There is a lingering nostalgia for Dwight Eisenhower's Presidency among some left-leaning political analysts. Truthdig's Robert Scheer periodically writes nostalgically about Ike's skepticism of militarist assumptions. However, the Eisenhower Administration's nuclear posture of "tripwire/massive retaliation" actually was a high-risk strategy. Reducing the likelihood of nuclear war under the operative assumptions of the Cold War meant pursuing a policy of diversifying military options away from the Eisenhower level of reliance on nuclear weapons. And most Democrats in 1960 actually did believe that there was a "missile gap" with the Soviet Union, though the belief was incorrect.

It's true that the Cold War political history left the Democrats too defensive on foreign policy for their own good and the country's. But the more proximate cause is the bipartisan acceptance of the post-Cold War foreign policy of global dominance, or global hegemony, as analyzed by Realist foreign policy theorist like John Mearsheimer and Stephen Walt. (See Dan Drezner, You can't generalize from George W. Bush 12/28/2010; Mearsheimer, Imperial by Design The National Interest Jan/Feb 2011Walt, More to read from Mearsheimer Foreign Policy 12/20/2012) American dominance pre-dated the fall of the Berlin Wall, of course. Gareth Porter's Perils of Dominance: Imbalance of Power and the Road to War in Vietnam (2005) shows how that fact seduced the US into disaster in Vietnam.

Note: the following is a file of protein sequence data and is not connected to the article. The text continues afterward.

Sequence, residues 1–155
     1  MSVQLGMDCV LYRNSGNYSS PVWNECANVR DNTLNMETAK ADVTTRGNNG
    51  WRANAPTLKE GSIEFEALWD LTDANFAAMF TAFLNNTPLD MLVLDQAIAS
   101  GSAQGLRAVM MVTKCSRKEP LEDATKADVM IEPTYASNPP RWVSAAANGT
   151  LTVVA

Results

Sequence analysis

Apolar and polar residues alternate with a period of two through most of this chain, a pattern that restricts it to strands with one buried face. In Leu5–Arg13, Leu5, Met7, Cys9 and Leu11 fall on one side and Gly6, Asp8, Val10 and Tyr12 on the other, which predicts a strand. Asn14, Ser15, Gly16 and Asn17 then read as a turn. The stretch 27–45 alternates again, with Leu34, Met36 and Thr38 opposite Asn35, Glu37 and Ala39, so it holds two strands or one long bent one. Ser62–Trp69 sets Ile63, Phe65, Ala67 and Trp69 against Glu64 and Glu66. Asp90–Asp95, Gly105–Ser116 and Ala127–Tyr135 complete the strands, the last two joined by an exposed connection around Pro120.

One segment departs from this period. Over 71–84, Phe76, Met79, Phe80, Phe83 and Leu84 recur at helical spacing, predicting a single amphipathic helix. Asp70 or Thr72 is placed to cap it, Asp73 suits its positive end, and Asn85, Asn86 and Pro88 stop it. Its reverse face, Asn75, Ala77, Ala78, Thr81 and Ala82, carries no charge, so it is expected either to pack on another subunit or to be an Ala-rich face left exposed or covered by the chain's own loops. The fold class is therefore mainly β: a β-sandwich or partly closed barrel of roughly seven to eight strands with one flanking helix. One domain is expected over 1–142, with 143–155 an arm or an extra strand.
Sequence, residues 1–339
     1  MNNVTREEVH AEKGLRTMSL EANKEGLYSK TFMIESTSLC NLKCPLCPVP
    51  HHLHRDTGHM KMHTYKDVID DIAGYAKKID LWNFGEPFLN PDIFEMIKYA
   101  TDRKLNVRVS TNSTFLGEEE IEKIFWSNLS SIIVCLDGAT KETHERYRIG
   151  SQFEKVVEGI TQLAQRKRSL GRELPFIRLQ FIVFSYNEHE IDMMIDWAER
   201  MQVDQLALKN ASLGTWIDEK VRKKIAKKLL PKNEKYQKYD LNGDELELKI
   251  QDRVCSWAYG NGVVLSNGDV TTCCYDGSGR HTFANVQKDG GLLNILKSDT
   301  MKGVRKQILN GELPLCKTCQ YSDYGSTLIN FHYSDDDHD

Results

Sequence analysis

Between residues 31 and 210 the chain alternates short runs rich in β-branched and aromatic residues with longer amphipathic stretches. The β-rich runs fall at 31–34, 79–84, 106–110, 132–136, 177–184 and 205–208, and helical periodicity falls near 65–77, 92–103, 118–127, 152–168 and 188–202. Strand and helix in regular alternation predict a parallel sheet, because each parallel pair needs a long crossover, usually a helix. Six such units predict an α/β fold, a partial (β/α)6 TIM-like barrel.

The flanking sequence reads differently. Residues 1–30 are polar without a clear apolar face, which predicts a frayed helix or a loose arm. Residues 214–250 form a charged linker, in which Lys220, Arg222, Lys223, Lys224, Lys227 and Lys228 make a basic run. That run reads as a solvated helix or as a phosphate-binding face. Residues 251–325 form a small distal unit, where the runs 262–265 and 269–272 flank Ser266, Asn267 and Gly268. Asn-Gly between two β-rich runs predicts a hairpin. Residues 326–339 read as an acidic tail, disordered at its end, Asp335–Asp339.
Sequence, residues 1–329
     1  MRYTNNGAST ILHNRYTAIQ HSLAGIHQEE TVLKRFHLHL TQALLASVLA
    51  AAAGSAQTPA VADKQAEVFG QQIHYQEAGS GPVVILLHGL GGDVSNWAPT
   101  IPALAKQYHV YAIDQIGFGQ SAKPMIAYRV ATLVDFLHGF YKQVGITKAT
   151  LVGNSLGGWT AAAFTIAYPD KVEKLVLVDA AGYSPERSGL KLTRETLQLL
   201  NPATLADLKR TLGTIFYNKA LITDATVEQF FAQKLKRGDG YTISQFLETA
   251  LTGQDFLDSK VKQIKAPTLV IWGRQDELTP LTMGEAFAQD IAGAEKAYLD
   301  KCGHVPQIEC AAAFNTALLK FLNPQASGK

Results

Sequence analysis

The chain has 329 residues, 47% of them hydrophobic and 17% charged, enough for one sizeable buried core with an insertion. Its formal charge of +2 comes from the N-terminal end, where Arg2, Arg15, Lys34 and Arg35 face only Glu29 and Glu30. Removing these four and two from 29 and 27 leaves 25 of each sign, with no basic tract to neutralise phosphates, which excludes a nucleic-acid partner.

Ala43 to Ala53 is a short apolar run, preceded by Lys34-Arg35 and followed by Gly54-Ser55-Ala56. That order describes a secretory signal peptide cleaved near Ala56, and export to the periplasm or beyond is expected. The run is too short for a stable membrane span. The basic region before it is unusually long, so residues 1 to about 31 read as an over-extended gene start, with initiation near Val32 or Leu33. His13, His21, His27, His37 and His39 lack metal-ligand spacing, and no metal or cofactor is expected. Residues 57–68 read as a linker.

As Mearsheiner puts it in the article just cited:

The root cause of America’s troubles is that it adopted a flawed grand strategy after the Cold War. From the Clinton administration on, the United States rejected all these other avenues, instead pursuing global dominance, or what might alternatively be called global hegemony, which was not just doomed to fail, but likely to backfire in dangerous ways if it relied too heavily on military force to achieve its ambitious agenda.

Global dominance has two broad objectives: maintaining American primacy, which means making sure that the United States remains the most powerful state in the international system; and spreading democracy across the globe, in effect, making the world over in America’s image. The underlying belief is that new liberal democracies will be peacefully inclined and pro-American, so the more the better. Of course, this means that Washington must care a lot about every country’s politics. With global dominance, no serious attempt is made to prioritize U.S. interests, because they are virtually limitless.